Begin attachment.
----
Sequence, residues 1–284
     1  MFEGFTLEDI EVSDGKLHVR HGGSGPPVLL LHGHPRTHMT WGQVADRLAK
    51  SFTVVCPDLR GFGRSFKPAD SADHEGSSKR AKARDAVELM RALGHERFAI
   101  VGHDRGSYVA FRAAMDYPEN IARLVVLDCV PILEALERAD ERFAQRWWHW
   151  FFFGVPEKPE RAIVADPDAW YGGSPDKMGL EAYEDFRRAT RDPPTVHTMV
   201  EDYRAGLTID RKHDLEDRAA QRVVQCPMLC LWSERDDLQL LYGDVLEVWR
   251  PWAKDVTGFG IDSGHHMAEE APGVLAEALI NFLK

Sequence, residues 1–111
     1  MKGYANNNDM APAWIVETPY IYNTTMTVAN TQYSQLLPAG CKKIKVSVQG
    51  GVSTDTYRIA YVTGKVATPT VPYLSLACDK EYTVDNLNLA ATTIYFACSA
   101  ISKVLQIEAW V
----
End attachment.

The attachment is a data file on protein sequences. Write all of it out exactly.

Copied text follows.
Sequence, residues 1–284
     1  MFEGFTLEDI EVSDGKLHVR HGGSGPPVLL LHGHPRTHMT WGQVADRLAK
    51  SFTVVCPDLR GFGRSFKPAD SADHEGSSKR AKARDAVELM RALGHERFAI
   101  VGHDRGSYVA FRAAMDYPEN IARLVVLDCV PILEALERAD ERFAQRWWHW
   151  FFFGVPEKPE RAIVADPDAW YGGSPDKMGL EAYEDFRRAT RDPPTVHTMV
   201  EDYRAGLTID RKHDLEDRAA QRVVQCPMLC LWSERDDLQL LYGDVLEVWR
   251  PWAKDVTGFG IDSGHHMAEE APGVLAEALI NFLK

Sequence, residues 1–111
     1  MKGYANNNDM APAWIVETPY IYNTTMTVAN TQYSQLLPAG CKKIKVSVQG
    51  GVSTDTYRIA YVTGKVATPT VPYLSLACDK EYTVDNLNLA ATTIYFACSA
   101  ISKVLQIEAW V